6) The Empowered Edge

You have probably heard the term “edge computing,” the architecture that brings computation and data storage closer to the location where it is needed. The purpose is to reduce latency and provide greater autonomy. This becomes increasingly more important as we employ more complex edge devices (such as robots, drones, and autonomous vehicles).

7) Distributed Cloud

Like edge devices, distributed cloud is the distribution of public cloud services to locations anywhere outside the cloud provider’s physical data centers. The cloud provider keeps responsibility for all architecture, delivery, operations, governance, and updates. The goal is to improve performance and better align with local regulations.

8) Autonomous Things

We are rapidly moving to an autonomous world. What was once a novelty, like a self-operating vacuum, is rapidly growing to include everything from drones, cars, trucks, ships, and robots. All these things use AI to perform functions that humans previously controlled. Currently, however, these devices operate mostly in controlled environments such as warehouses, but they are quickly evolving to public spaces.

9) Practical Blockchain

Blockchain is “an open, distributed ledger that can record transactions between two parties efficiently and in a verifiable and permanent way.” It allows parties to safely interact in a digital environment and exchange value without the need for a centralized authority. While blockchain enterprise usage is currently immature, it can become transformative when technologies such as AI and IoT are integrated. This can expand blockchain participants to include machines, which will be able to exchange a variety of assets.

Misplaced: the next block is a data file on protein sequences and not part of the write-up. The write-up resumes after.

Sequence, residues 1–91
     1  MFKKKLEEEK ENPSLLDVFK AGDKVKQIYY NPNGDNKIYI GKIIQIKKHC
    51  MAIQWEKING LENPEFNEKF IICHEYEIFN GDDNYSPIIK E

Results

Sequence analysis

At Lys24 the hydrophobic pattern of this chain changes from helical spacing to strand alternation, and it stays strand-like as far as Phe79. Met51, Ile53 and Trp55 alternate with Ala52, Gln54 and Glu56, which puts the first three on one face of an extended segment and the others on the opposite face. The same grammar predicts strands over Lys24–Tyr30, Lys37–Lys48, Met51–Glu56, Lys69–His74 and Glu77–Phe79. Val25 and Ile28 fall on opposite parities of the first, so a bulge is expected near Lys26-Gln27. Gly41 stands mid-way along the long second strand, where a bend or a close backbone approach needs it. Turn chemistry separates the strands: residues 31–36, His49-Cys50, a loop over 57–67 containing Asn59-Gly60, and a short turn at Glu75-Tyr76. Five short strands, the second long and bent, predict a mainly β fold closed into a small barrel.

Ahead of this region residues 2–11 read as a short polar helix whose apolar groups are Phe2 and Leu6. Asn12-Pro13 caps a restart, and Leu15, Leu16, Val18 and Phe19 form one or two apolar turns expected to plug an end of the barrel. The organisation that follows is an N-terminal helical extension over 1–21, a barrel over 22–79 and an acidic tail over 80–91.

10) AI Security

Many of the evolving technologies referenced here are dependent upon AI. Increased use of the IoT, cloud computing, microservices, and highly connected systems create potential security vulnerabilities and points of attack. Security teams need to focus on three key areas — protecting AI-powered systems, leveraging AI to enhance security defenses, and anticipating dangerous use of AI by attackers.

As trends go, there may be considerable lag time between announcing a new technology and when it goes into the early adopter stage and finally into common usage. It may be interesting to revisit this list in 2020 to see if these 10 are really developing into trends or will require more time for technical advances and cultural acceptance.

Many of the top 10 technology trends listed here will be adopted across an enterprise with the oversight of the project management office (PMO). To be successful, project managers need to stay on the path of best practices. The challenge, however, is that many organizations practice what we call the “7 Deadly Sins of Project and Portfolio Management” – those bad habits and worst practices that must be avoided.

Want to learn about how to keep your project management office from turning into a bottomless pit of cost overruns, deadline despair and resource allocation anguish? Be sure to read our eBook “7 Deadly Sins of Project and Portfolio Management” today!